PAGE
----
Broadcast TV Still Go-To Community Medium

The CEO of Havas Media North America ($2.7 billion in 2009 billings) says media buyers are targeting communities of all sorts and TV stations are still one of the best ways of reaching the geographic kind. In buying all media, she says, she would like to see more consistent audience measurement, and find ways of eliminating some of the transactional costs.

Media that cater to communities — be they based on geography or personal interest — will get an increasing share of ad dollars. And TV stations are all part and parcel of that. So says Maria Luisa Francoli, CEO of Havas Media North America and its MPG Global subsidiary in this interview with TVNewsCheck Contributing Editor Janet Stilson.

Francoli is a key driver in multiplatform media planning at the agency, which had $2.7 billion in U.S. billings in 2009, and she’d like to see more effective offerings by stations across the various platforms. And while she has a big-picture mandate, she expresses a keen appreciation for what smaller market TV stations offer clients.

She also would like see improvements in how station audiences are measured. One answer may be the viewing data for set-top boxes, but that, she says, is still far from perfect. And like other media buyers, she is eager to take some of the cost out of buying all media.

An edited transcript:

Do you see mobile DTV as a compelling opportunity for your clients?

Absolutely. I think that local is becoming more and more important. We are moving in a world of communities, and the first form of community is the local community where you live. So everything that can communicate with you when you are in your community — be it your TV; your mobile phone when you are walking in the streets of the community; local newspapers; or even local newsletters — I think all of those communication formats are growing, and will grow even more in the future.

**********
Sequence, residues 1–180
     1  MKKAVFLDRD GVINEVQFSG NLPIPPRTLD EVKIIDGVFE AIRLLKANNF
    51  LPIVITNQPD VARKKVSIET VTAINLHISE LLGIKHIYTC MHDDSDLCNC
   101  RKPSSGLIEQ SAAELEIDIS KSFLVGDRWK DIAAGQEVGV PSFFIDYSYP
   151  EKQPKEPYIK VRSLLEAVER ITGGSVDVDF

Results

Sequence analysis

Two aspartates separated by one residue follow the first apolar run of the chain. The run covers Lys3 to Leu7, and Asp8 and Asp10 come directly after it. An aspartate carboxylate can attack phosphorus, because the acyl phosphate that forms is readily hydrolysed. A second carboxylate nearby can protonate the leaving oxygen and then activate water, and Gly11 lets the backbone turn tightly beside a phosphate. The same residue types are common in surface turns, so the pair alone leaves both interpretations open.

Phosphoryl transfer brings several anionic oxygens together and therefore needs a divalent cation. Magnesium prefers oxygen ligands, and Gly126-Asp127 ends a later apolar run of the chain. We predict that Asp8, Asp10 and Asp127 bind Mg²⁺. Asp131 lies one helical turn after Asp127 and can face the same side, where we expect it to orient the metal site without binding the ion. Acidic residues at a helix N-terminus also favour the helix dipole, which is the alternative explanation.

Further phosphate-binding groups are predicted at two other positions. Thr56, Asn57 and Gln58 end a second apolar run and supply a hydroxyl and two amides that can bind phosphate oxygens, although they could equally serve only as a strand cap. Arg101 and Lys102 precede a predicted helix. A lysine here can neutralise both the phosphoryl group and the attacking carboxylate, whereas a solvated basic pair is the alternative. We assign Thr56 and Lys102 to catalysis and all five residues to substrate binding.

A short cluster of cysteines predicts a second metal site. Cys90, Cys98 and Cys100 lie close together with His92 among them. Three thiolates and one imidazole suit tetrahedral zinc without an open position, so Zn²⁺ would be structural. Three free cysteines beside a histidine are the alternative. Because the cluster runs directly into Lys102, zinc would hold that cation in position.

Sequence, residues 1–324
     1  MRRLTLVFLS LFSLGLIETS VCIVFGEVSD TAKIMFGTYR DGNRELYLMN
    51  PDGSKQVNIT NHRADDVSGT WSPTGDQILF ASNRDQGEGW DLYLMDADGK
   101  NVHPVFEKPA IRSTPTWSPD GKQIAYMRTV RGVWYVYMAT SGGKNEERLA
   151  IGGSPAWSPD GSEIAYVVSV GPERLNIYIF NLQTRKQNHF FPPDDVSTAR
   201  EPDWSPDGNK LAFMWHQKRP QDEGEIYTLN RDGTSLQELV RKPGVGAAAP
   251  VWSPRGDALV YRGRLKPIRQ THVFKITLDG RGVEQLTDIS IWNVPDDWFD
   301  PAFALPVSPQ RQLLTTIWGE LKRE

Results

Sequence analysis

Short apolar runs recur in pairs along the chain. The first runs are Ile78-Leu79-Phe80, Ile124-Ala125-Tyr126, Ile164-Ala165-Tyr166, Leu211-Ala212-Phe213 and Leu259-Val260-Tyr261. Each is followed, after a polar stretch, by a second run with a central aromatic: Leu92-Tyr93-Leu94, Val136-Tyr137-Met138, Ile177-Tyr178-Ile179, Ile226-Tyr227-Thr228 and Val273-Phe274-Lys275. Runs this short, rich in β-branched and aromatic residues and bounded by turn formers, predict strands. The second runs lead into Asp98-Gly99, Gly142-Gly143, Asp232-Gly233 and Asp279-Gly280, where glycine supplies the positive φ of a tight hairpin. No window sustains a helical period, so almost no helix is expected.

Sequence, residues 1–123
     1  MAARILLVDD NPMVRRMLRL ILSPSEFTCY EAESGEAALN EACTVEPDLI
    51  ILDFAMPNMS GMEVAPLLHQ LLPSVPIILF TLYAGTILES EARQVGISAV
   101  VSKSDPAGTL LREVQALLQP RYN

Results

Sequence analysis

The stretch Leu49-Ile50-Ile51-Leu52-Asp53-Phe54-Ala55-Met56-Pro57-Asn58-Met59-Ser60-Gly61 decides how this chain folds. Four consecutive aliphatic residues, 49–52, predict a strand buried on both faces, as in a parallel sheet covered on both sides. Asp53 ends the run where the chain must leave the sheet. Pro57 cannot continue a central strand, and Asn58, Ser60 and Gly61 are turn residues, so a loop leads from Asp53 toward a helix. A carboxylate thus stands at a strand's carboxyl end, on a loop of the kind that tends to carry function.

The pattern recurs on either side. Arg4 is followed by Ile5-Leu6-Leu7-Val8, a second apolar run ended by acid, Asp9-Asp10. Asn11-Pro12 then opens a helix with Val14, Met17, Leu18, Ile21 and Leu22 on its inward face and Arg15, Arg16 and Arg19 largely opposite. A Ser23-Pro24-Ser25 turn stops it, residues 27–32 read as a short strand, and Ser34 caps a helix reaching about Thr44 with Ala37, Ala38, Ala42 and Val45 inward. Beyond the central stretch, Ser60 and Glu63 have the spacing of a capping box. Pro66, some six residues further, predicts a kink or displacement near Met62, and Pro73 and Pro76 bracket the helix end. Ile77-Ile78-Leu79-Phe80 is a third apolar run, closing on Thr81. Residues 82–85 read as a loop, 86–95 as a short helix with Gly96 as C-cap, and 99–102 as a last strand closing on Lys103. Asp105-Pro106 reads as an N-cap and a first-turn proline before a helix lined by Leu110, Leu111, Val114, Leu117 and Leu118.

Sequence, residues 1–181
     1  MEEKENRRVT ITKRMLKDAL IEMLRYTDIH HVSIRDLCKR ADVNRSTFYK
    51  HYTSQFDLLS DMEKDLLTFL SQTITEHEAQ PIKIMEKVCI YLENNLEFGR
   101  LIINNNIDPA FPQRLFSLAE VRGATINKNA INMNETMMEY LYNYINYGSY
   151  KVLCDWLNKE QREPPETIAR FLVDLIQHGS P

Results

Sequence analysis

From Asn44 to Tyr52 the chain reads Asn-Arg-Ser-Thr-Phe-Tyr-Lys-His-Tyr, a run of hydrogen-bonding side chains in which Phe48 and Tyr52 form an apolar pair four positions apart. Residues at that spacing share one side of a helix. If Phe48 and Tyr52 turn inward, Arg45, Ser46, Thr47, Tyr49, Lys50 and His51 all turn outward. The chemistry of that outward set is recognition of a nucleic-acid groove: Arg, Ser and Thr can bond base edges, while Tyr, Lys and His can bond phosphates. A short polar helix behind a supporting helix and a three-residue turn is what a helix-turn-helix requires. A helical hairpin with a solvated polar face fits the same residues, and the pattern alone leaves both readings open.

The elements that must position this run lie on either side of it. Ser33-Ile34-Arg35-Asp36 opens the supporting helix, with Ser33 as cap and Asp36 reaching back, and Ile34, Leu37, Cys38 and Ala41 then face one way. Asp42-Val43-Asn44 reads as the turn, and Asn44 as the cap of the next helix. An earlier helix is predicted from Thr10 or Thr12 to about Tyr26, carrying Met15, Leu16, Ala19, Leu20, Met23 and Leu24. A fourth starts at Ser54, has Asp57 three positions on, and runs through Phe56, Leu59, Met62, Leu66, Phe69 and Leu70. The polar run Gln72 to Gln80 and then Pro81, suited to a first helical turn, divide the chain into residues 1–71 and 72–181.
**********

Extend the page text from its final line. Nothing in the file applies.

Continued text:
You can do very exciting programs that really connect with the community needs, with the community desires, with the community problems, with the community issues.

So will all the new local opportunities get an increasing share of the dollars?

I think definitely the media mix will be evolving to include more opportunities that allow us to get in touch with a specific community — be it a geographically located community or be it an interest community that may transcend a geographical point.  

For sure, everything that deals with communities is going to be growing, and it’s going to get a lot more dollars.

Does that include traditional TV stations?

Yes, absolutely it does.

There’s been a controversy over whether TV stations should be rated on a live-plus-same-day basis rather than live only. Why not judge their performance on a full day’s worth of viewing?

I don’t want to go into the technicalities of all of that. The issue that I would like to point out is that when you evaluate different media options, you need to have measurement systems that are as consistent as possible so that you can make wise decisions.

If you have one type of currency for one of the options and a different type of currency for another option, you will not be able to make a rationally based decision. So the more consistent, the more homogeneous we can make the different comparisons and mechanisms, the better for the advertisers when they have to make the decisions.

Recently the Media Ratings Council decided to remove its accreditation of diary ratings for TV stations in markets below 150. Are the smaller markets still of value to your clients?

Every market — regardless of how small they are — can be extremely relevant for certain advertisers. There’s no way that they should be written off for certain advertisers. Those communities are as important as any other ones.

We need to find, as agencies and as advisers to our clients, a way to incorporate diary measurement and make it as consistent as possible.

Ideally, it would be great to have all those communities measured in a way that’s more like the rest of the TV world. But that is expensive, and that takes time. I am sure that with all the technological advancements, that will be possible soon.

What are your thoughts about the data that’s starting to become available via set-top boxes? Do you see this as a significant leap forward? Are there problems with it?